Now for the Map chart, we have made, let’s change the Map area to “Only regions with data”.

You map chart is ready.

Aprajita is an MBA in Sales & Marketing and has been using Excel for the last 8 years.

Her journey started from learning a basic pivot table from Google which made her fall in love with Excel. She is a lifeguard to people around who fight with data on day to day basis.

My name is Kevin Lehrbass. I’m a Data Analyst. I live in Marham Ontario Canada.

Microsoft Excel is my favorite data software. In each new version there are so many new charts, tools, functions, etc!

A major benefit of blogging is that I interact with so many people and learn from them

]]>(Download my **Excel file**. Read my **Power Query solution**.)

It’s an array entered by pressing ‘Ctrl’ & ‘Shift’ & ‘Enter’.

=SUM(N(ISNUMBER(SEARCH($C5,IF(‘Product Data’!$B$3:$B$10000=$B$5,’Product Data’!$A$3:$A$10000,””)))))

I didn’t have any data so I put sample data into sheet ‘Product Data’

**Start with SEARCH**

A basic SEARCH function works like this: =SEARCH(“x”,”Texas”)

Search for “x” anywhere within text “Texas”. The answer is 3 (position where “x” is found).

But we are looking for text “Binder” within a column of text (based on a condition).

=SEARCH($C5,IF(‘Product Data’!$B$3:$B$10000=$B$5,’Product Data’!$A$3:$A$10000,””))

‘**find_text**‘ $C5 search for cell C5 value “Binder”.

‘**within_text**‘ IF(‘Product Data’!$B$3:$B$10000=$B$5,’Product Data’!$A$3:$A$10000,”” In sheet ‘Product Data’ if column B = “Texas” get values from column A.

‘**[start_num]**‘ is optional. We’re not using it.

**Summary in plain English**:

If column B = “Texas” then look for “Binder” in each qualifying column A cell.

**What Happens Inside the SEARCH array**

Highlight the SEARCH array and press F9. Here’s what you’ll see (VALUE errors removed)

The first number is 42. What does it mean?

“Binder” is found in the 16th cell in the 42nd position inside that cell (A17).

Cell A17 text: “Storex DuraTech Recycled Plastic Frosted **Binder**s”

(A16 doesn’t count as ‘State’ = “California” not “Texas”)

**Almost Finished Now!**

The Search array is wrapped with this: SUM(N(ISNUMBER

ISNUMBER converts the errors and numbers to TRUE or FALSE.

N converts TRUE and FALSE to 1s and 0s.

SUM adds the 1s.

When ‘State’ (column B) = “Texas”, 82 cells in ‘Product Name’ (column A) contain search word “Binder”.

Cell E5 of sheet ‘Solutions’ has this formula:

=COUNTIFS(‘Product Data’!$B$2:$B$9995,$B5,’Product Data’!$A$2:$A$9995,”*”&C5&”*”)

It’s not an array formula (faster to calculate) and it’s easier to understand.

“*”&C5&”*” wrapping cell C5 search word with wildcards does subsearch magic!

There’s not always an easy way to solve some questions. Sometimes an array is the only way to solve it (unless you create 1000s of formula helper columns). I love arrays but I try to only use them when there isn’t an easier way to solve it.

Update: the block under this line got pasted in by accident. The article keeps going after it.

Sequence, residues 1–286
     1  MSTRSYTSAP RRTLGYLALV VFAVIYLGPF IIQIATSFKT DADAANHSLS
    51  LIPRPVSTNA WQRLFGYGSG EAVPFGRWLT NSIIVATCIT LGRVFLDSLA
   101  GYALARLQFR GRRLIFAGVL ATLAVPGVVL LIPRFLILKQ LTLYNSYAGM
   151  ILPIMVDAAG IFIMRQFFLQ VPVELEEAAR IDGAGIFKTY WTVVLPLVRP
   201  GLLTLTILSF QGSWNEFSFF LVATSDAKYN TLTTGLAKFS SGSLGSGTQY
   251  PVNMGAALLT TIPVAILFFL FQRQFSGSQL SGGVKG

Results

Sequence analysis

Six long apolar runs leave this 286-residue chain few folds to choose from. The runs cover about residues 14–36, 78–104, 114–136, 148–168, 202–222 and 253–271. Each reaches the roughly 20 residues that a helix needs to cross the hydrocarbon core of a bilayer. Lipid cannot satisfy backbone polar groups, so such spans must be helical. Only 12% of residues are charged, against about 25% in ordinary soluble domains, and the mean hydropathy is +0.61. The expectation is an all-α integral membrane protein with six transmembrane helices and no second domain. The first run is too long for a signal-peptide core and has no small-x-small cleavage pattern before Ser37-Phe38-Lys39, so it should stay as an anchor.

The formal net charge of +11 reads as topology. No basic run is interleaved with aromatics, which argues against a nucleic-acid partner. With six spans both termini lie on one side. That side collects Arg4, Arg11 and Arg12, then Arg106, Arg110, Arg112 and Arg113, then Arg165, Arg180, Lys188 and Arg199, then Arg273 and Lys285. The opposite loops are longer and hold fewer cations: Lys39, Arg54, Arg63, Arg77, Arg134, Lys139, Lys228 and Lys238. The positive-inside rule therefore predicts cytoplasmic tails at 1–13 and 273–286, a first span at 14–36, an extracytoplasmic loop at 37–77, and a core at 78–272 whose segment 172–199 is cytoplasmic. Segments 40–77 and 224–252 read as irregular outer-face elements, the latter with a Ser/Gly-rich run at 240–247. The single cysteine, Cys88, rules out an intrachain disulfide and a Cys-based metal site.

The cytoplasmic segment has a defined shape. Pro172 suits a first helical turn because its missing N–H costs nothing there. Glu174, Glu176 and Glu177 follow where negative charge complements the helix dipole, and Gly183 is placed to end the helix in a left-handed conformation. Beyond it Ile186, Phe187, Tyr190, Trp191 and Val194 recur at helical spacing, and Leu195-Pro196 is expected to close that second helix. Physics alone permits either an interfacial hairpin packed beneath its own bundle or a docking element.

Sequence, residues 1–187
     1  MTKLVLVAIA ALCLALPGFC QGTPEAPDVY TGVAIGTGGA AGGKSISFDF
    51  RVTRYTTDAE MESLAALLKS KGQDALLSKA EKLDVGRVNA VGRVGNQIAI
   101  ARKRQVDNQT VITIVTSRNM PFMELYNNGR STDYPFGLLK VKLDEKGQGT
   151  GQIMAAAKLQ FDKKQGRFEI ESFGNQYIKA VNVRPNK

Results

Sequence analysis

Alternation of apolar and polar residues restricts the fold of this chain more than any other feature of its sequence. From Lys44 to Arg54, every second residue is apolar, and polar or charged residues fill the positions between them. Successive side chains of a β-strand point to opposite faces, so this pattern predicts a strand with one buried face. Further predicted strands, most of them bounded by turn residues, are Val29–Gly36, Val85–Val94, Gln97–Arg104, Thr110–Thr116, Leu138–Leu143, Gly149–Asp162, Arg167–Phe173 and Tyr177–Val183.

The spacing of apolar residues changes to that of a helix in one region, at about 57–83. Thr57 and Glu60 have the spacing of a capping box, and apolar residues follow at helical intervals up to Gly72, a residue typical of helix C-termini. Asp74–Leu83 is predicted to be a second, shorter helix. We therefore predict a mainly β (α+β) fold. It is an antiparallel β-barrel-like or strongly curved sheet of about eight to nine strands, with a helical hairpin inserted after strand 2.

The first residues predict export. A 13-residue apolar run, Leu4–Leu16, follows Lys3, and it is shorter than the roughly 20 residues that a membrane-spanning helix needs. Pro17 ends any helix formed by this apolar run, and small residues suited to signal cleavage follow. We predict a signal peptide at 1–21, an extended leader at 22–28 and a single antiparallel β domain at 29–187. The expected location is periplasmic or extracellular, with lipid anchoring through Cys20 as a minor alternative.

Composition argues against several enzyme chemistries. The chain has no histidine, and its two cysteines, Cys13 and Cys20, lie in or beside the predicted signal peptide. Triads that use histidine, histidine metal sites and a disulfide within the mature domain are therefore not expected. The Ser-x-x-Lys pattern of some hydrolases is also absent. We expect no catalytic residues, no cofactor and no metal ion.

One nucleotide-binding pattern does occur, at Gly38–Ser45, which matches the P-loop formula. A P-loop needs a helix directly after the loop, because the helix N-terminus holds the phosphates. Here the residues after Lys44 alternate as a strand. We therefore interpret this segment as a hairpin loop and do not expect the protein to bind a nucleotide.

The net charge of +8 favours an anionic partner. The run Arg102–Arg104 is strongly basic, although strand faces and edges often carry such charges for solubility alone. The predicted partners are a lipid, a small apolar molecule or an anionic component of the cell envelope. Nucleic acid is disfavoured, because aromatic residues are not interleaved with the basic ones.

My name is Kevin Lehrbass. I’m a Data Analyst. I live in Markham Ontario Canada.

Two years ago I was in Las Vegas for a Data software conference. There was an interesting data art object in the lobby (not related to the conference). *Data and art?*

That just gave me another idea for a vba post. Stay tuned!

]]>(download my **Excel file**)

The VBA code instantly refreshes when new entries are added. Perfect!

*What about a formula solution?*

Scroll to the comments section of his **post.** There’s a suggestion to use a dynamic array! These are being tested (365 insider edition) so I created a formula solution that works in all versions.

My solution contains:

- city name input in field ‘ciudades’
- four helper formula fields (steps 1 to 4)

How does it work?

- Rank =COUNTIFS([ciudades],”<=”&[@ciudades]) ‘A Coruna’ = 1, ‘Zaragoza’ = 6(last)
- Counter =ROW([@ciudades])-ROW(Table13[[#Headers],[ciudades]]) basic counter
- Match =MATCH([@Counter],[Rank],0) find Counter value in Rank
- Sorted =INDEX([ciudades],[@Match]) index to get sorted city via Match
- Data Validation connects to a named range that references step 4 Sorted

Add a city below ‘Valencia’. The Data Validation list connects to a named range and updates instantly.

The helper columns are light and easy to audit. When you add a city the table, including all formulas, automatically expands!

Both the vba and formula solutions are worth considering.

**UPDATE: Alternative Formula Solution**

In the comments section below * Robert Gascon* suggested a solution that does not depend on an Excel table (my solution does).

I have now updated my Excel file (found at top of post) to include Robert’s solution! I’ve learned so much from Robert over the past few months!

*What about a Power Query solution?*

Power Query is an amazing tool that could load the ‘ciudad’ text, sort it and return it back to the sheet.

There’s one issue…if you add/modify city entries you need to refresh the query.

Using ‘Worksheet_Change’ the vba code updates automatically based on any addition or modification. The formulas are also automatic.

* Is Power Query a bad solution?* Not necessarily. If you had a large amount of data and didn’t want (a) heavy formulas or (b) vba code then Power Query could be the perfect solution! Power Query would load the data, do all the necessary steps, and then quietly drop the answers back into the sheet.

**UPDATE**: ExcelCampus has a nice **blog post** showing 4 different solutions. Jon’s formula solution is the way to solve it for those with the new 365 version of Excel. The solutions in my post by myself and Robert are compatible in any modern version of Excel (back to Excel 2007).